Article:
Boris Kagarlitsky: 'The killing of Novorossiya'

US Secretary of State John Kerry with Russia's President Vladimir Putin in Sochi, May 15, 2015.

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By Boris Kagarlitsky, translated by Renfrey Clarke

June 4, 2015 – Links International Journal of Socialist Renewal -- On May 23, 2015, Aleksey Mozgovoy, the most popular, authoritative and independent of the Novorossiya militia commanders, was assassinated. Together with the “Spectre” Brigade which he led, Mozgovoy a few days earlier had taken part in an Antifascist Forum with left organisations from a number of European countries.

Mozgovoy was killed by an unknown group of assassins, but it is obvious that his removal from the scene differs little from the revenge meted out recently to another Novorossiya field commander, who went under the nom-de-guerre of Batman. In this earlier case, responsibility for the killing was openly assumed by the official Lugansk authorities.

The killing of Mozgovoy was of course blamed on a Ukrainian hit squad – a perfect excuse for the leaders in Moscow and Lugansk to avoid taking responsibility.

The trouble is that if the attack was indeed carried out by Ukrainians acting on behalf of Ukraine’s President Petro Poroshenko, it was an open act of war that made a mockery not only of the current negotiations, but also of the Minsk accords themselves. The talks will nevertheless continue, and Moscow, which is obediently putting up with the blockade now being placed on the Transnistria enclave, will not lift a finger in response to a single murder carried out in the Lugansk republic. But in general, these arguments and rebukes only make any sense if we take the “Ukrainian” version seriously.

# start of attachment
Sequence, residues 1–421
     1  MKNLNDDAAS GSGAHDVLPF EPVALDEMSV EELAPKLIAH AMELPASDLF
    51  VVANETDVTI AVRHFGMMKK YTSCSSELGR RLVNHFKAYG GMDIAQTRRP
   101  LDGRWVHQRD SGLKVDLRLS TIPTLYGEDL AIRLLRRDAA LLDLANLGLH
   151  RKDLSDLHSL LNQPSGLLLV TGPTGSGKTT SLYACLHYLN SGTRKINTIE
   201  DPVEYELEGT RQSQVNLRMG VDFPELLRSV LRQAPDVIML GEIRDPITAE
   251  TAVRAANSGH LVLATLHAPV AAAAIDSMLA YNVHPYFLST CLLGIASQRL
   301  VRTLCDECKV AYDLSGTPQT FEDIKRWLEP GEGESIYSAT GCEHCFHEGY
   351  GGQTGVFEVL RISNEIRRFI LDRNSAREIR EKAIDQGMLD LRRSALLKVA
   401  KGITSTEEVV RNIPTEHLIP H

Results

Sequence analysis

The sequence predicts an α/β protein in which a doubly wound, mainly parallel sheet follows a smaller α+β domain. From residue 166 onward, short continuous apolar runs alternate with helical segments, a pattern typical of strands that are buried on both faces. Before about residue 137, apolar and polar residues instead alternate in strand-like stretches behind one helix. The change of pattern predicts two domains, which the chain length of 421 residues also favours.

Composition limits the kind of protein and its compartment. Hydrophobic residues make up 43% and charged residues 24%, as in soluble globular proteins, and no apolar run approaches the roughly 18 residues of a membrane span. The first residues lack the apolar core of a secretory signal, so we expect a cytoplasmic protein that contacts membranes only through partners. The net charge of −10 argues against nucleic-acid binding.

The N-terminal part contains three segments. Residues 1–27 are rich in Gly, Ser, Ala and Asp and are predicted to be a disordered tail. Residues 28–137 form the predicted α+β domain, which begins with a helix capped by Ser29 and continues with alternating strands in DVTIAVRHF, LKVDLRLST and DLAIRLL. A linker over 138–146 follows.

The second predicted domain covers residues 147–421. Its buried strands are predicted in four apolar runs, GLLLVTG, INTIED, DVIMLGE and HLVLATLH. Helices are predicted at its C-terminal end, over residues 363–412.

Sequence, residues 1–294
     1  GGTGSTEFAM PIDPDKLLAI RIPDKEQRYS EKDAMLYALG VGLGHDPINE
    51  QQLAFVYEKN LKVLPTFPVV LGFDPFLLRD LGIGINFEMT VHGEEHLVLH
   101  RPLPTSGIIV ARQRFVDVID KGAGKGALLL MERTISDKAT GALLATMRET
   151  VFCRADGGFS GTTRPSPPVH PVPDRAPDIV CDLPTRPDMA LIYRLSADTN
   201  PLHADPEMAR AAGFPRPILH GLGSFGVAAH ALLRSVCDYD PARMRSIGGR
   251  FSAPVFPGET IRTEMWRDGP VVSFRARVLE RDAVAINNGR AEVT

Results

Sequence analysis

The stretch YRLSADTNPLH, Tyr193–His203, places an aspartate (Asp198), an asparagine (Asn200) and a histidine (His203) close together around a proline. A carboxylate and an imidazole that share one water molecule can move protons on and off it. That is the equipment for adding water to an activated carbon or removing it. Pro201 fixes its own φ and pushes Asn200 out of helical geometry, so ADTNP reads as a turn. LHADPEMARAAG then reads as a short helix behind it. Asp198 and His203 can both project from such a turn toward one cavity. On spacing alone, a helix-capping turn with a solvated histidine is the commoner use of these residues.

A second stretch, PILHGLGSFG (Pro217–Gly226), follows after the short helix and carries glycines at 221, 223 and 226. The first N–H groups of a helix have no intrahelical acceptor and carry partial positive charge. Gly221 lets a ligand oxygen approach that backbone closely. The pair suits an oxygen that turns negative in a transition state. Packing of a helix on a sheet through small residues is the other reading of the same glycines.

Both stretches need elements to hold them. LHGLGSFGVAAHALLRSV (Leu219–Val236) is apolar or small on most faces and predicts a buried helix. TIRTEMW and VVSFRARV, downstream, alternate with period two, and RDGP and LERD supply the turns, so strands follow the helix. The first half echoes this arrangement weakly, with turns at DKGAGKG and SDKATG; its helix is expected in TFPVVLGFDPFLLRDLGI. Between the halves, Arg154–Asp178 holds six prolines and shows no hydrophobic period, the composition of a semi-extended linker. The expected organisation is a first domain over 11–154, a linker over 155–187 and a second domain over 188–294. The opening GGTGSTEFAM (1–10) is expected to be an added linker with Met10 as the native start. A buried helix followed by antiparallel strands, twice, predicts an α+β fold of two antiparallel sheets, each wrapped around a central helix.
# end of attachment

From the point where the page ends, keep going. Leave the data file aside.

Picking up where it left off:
While Mozgovoy was gathering radical leftists and anti-fascists in his city of Alchevsk, other people in other places were deciding the fate of Novorossiya and of Mozgovoy himself. Hence, Germany’s Chancellor Angela Merkel not only flew to Moscow the day after the triumphant parade on Red Square, but John Kerry in a far from coincidental development turned up in Sochi. There in Russia they found an attentive and understanding audience, and soon reached agreement with the Kremlin.

The reasons behind this readiness for agreement were revealed a few days later by the former Ukrainian deputy Oleg Tsarev, who throughout this period had acted as a conduit for the line taken by the Kremlin administration on south-eastern Ukraine. Tsarev had always been faultless in “adjusting his position to that of the party”. He first declared himself and his friends to be the parliament of Novorossiya, a state that did not yet exist, and then, after the separation of Donetsk and Lugansk from Kiev had become a reality, established through victories on the battlefield, he declared the “Novorossiya” project terminated …

But it is one thing to call a halt to a project, and something quite different to put a stop to changes into which hundreds of thousands, even millions, of people have already been drawn.

It seems that the public relations specialists who call the shots in Russia’s centres of power fail to understand this, despite sensing that something is amiss. To the people who voted in a referendum and went into battle trying to build a new state, as well as to the millions of people in Russia who supported their struggle, Novorossiya is not a project but a movement, a dream and a social goal. Certainly, a movement can be crushed, a dream can be dispelled and a goal may prove unattainable. But none of this can be achieved with a simple declaration that a project has been wound up. The task remains of smashing and suppressing people’s resistance, of demoralising them and breaking up their organisation. This is not so straightforward.

The handing over of Novorossiya is becoming a reality. Ukrainian customs officials now control the territory’s border with Russia. Still remaining are the tasks of recalling the Russian soldiers fighting as volunteers or contractors, of closing the border and of instructing the authorities of Lugansk and Donetsk to accept any conditions drawn up by Kiev and countersigned by Moscow. The deal has been concluded.

In these circumstances, the fate of the people’s republics of Novorossiya will be the same as that of the Spanish republic in 1939. In Lugansk and Donetsk, a purge is now being conducted of those who have failed to understand that the Novorossiya project has been brought to a close. We warned that this would begin immediately after the sumptuous Victory Day celebrations in Moscow. Unfortunately, it seems we have again been proven correct. But even after the fall of the people’s republics the struggle will continue, and for the next wave of the movement, Mozgovoy will take on the same legendary aura as Sandino and Che Guevara have taken on in Latin America.